• Turn off any overnight mode on your security system.
  • Get a weather briefing. Looking out of your window gives you an idea, but a forecast with temperature and wind-chill will help you pick the right clothing for the day.
  • Be reminded of your calendar events, especially any annoying early meetings (or ones where you'll need to dress extra smart).
  • Keep up-to-date with a news briefing -the most current headlines from your journal of choice.
  • Turn on a coffee maker with a smart socket.
  • Get a traffic report for your commute in.
  • Stream the radio or your favorite music.


When you're heading out, you can take advantage of the smart home to power down unwanted devices and lights, as well as speeding your exit.

  • Drive out of the garage using a Wi-Fi-enabled smart door.
  • Adjust the thermostat again now the toasty warmth/cooling air-conditioning is no longer required (delete as applicable), setting your thermostat to an economical position.
  • Unlock the front door, paving your way for a smoother exit (especially if you're confident it'll lock behind you).
  • Turn off the lights, perhaps set with an additional timer delay so they go out a little after you initiate the Routine.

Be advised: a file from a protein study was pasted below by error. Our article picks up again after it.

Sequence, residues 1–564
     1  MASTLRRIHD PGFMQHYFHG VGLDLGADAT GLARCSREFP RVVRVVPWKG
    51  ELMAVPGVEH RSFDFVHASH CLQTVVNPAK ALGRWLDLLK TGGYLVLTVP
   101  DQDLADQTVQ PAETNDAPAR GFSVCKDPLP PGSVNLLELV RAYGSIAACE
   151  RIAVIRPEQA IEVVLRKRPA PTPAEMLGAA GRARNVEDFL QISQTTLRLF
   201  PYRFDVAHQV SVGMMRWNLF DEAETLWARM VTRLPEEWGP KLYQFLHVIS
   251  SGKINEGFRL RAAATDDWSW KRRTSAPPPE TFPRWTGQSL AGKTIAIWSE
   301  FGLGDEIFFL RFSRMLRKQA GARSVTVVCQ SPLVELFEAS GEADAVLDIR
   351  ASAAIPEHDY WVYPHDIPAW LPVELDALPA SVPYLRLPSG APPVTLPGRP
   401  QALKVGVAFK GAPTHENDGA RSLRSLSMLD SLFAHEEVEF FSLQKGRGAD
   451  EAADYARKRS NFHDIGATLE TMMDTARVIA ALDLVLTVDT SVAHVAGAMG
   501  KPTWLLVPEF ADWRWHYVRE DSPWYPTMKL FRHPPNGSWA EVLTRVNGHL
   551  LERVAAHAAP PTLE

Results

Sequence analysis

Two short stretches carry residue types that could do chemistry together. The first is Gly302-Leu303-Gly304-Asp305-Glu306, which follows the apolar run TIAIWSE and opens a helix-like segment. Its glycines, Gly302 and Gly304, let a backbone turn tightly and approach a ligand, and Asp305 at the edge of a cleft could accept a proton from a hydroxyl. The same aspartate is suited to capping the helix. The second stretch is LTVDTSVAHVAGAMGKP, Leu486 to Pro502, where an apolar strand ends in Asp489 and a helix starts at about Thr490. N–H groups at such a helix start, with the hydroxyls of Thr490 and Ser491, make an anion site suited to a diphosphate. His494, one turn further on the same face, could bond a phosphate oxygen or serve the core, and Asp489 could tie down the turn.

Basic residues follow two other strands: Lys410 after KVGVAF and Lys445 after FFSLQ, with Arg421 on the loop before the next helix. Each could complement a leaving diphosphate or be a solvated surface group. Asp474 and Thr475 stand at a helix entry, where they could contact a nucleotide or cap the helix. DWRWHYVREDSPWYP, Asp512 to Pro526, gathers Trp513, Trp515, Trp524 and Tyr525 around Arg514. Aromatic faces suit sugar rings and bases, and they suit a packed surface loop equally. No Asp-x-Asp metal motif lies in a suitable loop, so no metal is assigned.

• Unleash your robot vacuum on the empty home.
  • Turn on appliances (for example a dishwasher, as long as you remembered to fill it and add a tablet).


While you're travelling, you can turn your car into a personalized data center, either improving your mood or your productivity depending on your choices.

  • Lock the front door behind you, and close the garage door.
  • Get traffic information about your normal commute, or train journey.
  • Play the latest episode of your favorite podcast, your pre-work playlist or an audiobook.
  • Read your emails to you, if you like getting a head start on the day.


When you decide to return home, you might want to let others know.

  • Get directions with latest travel updates.
  • Text your partner that you're 'Heading Home' and possibly even add an ETA based on the travel information by sending a text.
  • Play some music or your favorite radio station; perhaps you have a different playlist to suit your mood as you escape the working day.
  • Turn the lights up and tweak the thermostat so you walk into a welcoming environment.


As you go to bed, especially if you're the last one, features you'll want to look at are:

  • Turning off the lights downstairs, maybe leaving a porch light on. You could even switch the lights in your bedroom on (at 50 per cent brightness) at the same time.
  • Locking the doors and enabling a security system in 'at home' mode, which will protect against intruders but not be activated by indoor movement.
  • Turning heating down to economy settings.


There's absolutely no reason why Routines or Shortcuts you create should be dictated by your day-to-day diary.

  • Play your party mix through all speakers at a high volume.
  • Set your lighting system to party mode, or a colorful scene you have already defined.